Take the 2-minute tour ×
Stack Overflow is a question and answer site for professional and enthusiast programmers. It's 100% free, no registration required.

I'm working on an a scavenger hunt app and I'd just like to know if I'm modelling it correctly. There is a list of hunts that users can go on. These hunts are templates that can be customized (e.g. adding/removing certain tasks).

When a user chooses to go on a hunt, I'm calling that a "trip." I've read the Rails Guide on associates and I believe that I should set up the trip model as a join table between users and hunts. Here's what I'm thinking.

    class Users 
      has_many :trips
      has_many :hunts, :through => :trips

    class Hunts
      has_one :trip
      has_many :users, :through => : trips

    class Trip
      belongs_to :users
      belongs_to :hunts

And then the migration where I setup the Trip table would look like this.

    def change
      trip_name
      user_id
      hunt_id
    end

I have two questions.

  1. Does this look right?
  2. Is there a smarter (or more elegant) way to do this?

Update: Here's what I ended up doing.

    class Users 
      has_many :trips
      has_many :hunts, :through => trips

    class Hunts
      has_one :trip
      has_many :users, :through => trips

    class Trip
      belongs_to :hunts
      belongs_to :users

and then

    def change
      create_table :trips do |t|
        t.string :trip_name
        t.references :user
        t.references :hunt
      end
      add_index :trips, :hunt_id
      add_index :trips, :user_id
      add_index :trips, [:hunt_id, :user_id], :unique => true
    end
share|improve this question

3 Answers 3

up vote 1 down vote accepted

I see a few small problems:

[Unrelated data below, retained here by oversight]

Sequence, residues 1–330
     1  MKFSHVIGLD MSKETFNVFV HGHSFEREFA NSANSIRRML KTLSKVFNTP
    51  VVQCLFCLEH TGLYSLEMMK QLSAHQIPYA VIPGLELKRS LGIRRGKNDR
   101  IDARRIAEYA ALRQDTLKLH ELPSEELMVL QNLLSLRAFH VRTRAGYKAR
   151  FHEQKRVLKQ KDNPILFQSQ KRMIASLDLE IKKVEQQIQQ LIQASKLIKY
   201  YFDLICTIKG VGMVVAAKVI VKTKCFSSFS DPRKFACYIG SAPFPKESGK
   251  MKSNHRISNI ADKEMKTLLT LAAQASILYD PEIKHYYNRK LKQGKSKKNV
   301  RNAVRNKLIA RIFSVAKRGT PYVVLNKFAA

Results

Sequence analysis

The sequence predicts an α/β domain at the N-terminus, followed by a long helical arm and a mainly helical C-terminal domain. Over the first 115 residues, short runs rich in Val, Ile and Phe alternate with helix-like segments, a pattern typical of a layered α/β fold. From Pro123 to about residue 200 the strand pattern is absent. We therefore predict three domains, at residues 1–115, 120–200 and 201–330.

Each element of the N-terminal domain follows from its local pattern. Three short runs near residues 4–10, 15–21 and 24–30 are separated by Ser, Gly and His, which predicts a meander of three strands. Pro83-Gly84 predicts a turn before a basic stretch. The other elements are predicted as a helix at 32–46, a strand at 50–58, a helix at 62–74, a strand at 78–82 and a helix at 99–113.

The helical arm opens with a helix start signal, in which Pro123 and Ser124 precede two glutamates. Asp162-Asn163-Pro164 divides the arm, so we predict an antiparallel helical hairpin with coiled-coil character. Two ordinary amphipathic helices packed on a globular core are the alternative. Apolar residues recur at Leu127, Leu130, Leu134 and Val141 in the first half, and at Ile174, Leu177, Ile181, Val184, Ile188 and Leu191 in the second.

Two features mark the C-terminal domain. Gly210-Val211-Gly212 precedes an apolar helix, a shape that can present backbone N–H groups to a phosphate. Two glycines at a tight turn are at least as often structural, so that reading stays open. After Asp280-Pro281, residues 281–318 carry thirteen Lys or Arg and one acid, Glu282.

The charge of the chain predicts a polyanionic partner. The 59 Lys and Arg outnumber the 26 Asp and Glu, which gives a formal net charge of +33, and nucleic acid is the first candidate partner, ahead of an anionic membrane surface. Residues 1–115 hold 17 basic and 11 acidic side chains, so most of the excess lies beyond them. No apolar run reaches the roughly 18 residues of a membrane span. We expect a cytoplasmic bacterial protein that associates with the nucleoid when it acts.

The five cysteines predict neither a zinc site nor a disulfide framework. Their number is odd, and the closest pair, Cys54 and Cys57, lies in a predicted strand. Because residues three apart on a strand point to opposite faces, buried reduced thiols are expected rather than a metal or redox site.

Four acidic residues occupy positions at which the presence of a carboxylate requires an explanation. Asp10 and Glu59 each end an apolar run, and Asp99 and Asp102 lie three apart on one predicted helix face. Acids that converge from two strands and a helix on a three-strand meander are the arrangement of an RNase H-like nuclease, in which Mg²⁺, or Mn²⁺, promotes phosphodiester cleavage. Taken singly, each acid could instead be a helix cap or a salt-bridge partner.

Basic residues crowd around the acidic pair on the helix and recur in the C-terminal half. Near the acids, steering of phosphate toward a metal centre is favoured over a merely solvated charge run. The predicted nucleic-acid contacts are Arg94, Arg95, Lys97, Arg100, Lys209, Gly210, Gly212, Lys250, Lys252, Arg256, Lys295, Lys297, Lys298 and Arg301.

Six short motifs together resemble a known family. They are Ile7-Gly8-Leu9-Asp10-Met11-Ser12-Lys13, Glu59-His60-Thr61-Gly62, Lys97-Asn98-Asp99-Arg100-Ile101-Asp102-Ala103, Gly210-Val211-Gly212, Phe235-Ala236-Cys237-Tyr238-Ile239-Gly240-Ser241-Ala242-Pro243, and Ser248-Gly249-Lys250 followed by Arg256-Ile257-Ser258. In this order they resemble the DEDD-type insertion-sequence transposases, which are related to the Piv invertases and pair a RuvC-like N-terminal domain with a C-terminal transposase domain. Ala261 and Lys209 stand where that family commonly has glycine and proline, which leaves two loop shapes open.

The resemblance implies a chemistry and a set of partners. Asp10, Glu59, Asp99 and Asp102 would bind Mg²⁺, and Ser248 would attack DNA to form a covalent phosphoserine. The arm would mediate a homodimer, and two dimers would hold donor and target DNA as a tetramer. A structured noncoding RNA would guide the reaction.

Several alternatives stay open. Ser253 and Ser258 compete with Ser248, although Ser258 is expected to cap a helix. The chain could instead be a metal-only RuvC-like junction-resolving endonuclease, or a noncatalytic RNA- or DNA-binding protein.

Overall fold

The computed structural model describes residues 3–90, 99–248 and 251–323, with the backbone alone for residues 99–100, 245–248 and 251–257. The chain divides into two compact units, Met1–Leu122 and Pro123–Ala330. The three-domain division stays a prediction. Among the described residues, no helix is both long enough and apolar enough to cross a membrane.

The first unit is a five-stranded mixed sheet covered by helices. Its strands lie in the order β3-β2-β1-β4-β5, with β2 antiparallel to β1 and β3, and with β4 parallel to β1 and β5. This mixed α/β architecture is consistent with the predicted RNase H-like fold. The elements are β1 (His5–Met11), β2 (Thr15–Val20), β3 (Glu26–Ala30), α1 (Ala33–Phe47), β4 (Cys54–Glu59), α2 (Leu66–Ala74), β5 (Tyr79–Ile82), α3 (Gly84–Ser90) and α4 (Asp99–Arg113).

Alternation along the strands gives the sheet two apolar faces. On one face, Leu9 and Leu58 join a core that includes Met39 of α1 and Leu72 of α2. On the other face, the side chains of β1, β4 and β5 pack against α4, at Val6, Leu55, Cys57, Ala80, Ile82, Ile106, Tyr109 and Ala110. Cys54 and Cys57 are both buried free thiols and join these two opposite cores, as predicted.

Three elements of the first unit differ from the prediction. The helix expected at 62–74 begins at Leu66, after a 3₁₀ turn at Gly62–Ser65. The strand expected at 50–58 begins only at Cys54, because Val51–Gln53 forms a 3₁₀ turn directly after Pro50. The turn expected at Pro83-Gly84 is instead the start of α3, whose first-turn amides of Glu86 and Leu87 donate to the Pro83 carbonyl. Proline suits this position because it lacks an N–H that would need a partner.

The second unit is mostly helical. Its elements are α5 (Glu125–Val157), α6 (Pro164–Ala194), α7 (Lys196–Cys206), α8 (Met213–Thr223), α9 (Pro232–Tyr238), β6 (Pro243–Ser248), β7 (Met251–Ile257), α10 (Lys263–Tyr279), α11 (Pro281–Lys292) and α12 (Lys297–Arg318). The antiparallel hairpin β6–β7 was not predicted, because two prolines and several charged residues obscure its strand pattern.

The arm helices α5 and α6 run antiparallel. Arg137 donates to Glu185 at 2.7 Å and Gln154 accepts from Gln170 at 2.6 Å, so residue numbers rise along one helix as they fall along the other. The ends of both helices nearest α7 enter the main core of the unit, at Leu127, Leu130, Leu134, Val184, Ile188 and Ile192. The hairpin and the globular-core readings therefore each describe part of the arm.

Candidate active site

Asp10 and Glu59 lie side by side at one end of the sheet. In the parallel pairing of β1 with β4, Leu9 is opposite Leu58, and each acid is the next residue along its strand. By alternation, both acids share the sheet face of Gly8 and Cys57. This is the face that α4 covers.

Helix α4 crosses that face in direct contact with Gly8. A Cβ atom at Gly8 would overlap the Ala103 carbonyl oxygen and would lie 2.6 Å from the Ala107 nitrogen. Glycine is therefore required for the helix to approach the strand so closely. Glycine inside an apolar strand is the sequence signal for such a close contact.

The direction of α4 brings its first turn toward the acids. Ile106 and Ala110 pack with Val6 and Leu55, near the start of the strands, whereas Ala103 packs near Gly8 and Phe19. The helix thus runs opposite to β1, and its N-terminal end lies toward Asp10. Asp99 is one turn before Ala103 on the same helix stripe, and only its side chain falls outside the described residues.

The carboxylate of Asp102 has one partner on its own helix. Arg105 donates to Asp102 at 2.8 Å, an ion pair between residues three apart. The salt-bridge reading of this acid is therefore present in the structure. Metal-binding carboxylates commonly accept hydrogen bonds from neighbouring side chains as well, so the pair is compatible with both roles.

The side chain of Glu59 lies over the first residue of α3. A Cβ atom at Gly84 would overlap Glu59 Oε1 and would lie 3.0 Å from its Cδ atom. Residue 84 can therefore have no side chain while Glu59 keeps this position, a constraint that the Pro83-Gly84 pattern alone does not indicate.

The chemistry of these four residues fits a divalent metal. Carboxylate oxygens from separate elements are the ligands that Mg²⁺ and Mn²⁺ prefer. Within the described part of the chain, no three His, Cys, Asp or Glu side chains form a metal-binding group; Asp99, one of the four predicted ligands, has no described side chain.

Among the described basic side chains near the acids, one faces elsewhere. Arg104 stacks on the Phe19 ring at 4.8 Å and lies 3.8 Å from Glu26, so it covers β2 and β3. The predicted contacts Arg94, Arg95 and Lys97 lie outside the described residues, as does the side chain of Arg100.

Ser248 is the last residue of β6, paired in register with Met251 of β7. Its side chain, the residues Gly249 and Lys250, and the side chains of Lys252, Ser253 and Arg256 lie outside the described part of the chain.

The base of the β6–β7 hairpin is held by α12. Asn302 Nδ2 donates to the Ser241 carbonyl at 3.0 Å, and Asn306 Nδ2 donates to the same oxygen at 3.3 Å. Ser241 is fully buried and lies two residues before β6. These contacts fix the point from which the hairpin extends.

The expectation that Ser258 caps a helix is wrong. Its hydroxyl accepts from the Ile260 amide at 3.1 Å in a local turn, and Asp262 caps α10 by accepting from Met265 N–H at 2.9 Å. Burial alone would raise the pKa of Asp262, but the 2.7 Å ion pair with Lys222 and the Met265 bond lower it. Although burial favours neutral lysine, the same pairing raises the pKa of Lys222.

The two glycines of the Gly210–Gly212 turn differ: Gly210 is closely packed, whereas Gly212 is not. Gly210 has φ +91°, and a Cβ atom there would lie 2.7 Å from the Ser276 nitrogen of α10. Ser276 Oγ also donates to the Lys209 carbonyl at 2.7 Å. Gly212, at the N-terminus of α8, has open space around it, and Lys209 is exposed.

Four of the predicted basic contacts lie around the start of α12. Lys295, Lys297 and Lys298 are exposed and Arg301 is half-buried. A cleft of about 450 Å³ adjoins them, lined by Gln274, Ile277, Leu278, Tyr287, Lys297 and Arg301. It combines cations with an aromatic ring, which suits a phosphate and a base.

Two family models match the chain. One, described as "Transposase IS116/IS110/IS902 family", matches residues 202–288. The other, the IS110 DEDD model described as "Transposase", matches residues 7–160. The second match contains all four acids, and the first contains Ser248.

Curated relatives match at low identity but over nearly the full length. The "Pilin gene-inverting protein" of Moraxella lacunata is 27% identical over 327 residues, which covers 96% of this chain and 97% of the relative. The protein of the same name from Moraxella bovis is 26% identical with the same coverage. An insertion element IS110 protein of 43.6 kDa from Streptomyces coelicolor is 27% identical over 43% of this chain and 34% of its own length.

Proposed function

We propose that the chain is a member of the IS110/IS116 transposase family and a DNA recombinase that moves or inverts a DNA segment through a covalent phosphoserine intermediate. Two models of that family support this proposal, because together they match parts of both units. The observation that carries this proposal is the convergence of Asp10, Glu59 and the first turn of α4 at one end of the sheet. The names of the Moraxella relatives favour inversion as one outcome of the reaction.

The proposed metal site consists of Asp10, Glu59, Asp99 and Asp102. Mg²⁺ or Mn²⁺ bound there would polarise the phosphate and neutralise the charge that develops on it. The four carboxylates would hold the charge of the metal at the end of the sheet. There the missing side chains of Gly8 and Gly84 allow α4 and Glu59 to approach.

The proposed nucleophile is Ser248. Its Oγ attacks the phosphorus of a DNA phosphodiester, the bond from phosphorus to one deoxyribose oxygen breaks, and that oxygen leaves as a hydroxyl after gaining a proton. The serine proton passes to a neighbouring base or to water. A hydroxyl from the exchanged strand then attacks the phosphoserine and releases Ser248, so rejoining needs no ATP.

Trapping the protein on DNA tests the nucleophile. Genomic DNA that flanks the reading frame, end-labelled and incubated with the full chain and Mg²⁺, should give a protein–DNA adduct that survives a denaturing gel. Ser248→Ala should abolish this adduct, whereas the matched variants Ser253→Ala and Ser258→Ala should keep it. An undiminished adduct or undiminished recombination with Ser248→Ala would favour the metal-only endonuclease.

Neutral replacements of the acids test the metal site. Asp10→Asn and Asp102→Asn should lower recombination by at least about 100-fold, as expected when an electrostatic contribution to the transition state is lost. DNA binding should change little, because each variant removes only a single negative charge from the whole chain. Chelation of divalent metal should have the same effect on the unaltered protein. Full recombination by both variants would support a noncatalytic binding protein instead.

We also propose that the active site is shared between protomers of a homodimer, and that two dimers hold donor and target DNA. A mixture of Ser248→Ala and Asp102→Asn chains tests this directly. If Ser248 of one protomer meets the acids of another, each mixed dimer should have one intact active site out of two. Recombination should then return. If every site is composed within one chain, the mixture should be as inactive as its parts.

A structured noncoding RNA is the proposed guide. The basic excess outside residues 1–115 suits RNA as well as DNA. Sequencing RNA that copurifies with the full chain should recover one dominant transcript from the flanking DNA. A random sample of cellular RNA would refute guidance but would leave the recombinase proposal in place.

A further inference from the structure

1. Models are idiomatically singular: change Users and Hunts unless you have an unusual situation.
  2. A Hunt probably has_many :trips, right?
  3. Your migration is suspiciously sparse. The change method would usually look something like this:

.

def change
  create_table :trips do |t|
    t.string :trip_name
    t.references :user
    t.references :hunt
  end
end

Structurally, what you have makes sense to me.

Aside: I’ve organised adventures sometimes referred to scavenger hunts, I’m glad I’m not the only programmer doing such things!

share|improve this answer
    
Thanks for your response. I have a questions. (1) why use t.references :user instead of something like t.integer :user_id? Is it a stylistic choice? Or is there something more to it? Also, should I add indices to the trips table for user and trip? –  Ben Downey May 20 '12 at 21:41
1  
t.references :user is equivalent to t.integer :user_id, but it’s more expressive: it makes it explicit that it’s describing an inter-table relationship. Also possible is t.references :user, polymorphic: true. Indexing your tables is good for performance, so there’s little reason not to, but it seems unlikely to me that it would be necessary. –  Buck Doyle May 20 '12 at 21:45
    
Gotcha. References looks interesting. I'll totally use it. –  Ben Downey May 20 '12 at 21:55
    
I dig your site. Thanks for sending the link. Fave line so far: "Is knowing about the impending doom and subsequent death of everyone on Earth getting you down?" Laughed out loud when I read that. –  Ben Downey May 20 '12 at 22:11

you are making the association complicated. since Hunts : Trip = 1 : 1, you don't need both of them associated with Users, e.g.

class Users 
  has_many :hunts
  has_many :trips, :through => hunts

class Hunts
  has_one :trip
  has_many :users

class Trip
  belongs_to :hunt  # belongs to singular word. :)

and then, create a table "users_hunts", which looks like:

# users_hunts table, has 3 columns:
id
user_id
hunt_id 

and trips table looks like:

# trip table , has 1 extra column: 
id 
hunt_id
share|improve this answer
    
Thanks for your response. I'm not sure if I can take this approach though, since there isn't a 1:1 correspondence between Hunts and Trips. One hunt could have many Trip. Each hunt is basically just a template. –  Ben Downey May 20 '12 at 21:57

I would go with

class Users 
  has_many :trips
  has_many :hunts, :through => trips

class Hunts
  has_one :trip
  has_many :users, :through => trips

class Trip
  belongs_to :hunts
  belongs_to :users

Even if you don't need the relationship both ways yet, it's easier to understand (imho) and it's set up for the future, allowing users to have many hunts and hunts to have many users which seems eminently feasible.

share|improve this answer
    
Thanks for your response. Good point! –  Ben Downey May 20 '12 at 22:15

Your Answer

 
discard

By posting your answer, you agree to the privacy policy and terms of service.

Not the answer you're looking for? Browse other questions tagged or ask your own question.